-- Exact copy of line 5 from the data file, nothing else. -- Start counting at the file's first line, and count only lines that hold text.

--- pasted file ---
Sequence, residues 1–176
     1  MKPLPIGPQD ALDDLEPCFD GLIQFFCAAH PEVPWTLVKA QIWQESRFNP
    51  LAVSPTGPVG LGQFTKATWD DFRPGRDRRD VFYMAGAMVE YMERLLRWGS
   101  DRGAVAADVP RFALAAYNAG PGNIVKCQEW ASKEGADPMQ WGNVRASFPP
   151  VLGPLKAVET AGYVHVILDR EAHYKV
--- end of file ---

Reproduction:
   151  VLGPLKAVET AGYVHVILDR EAHYKV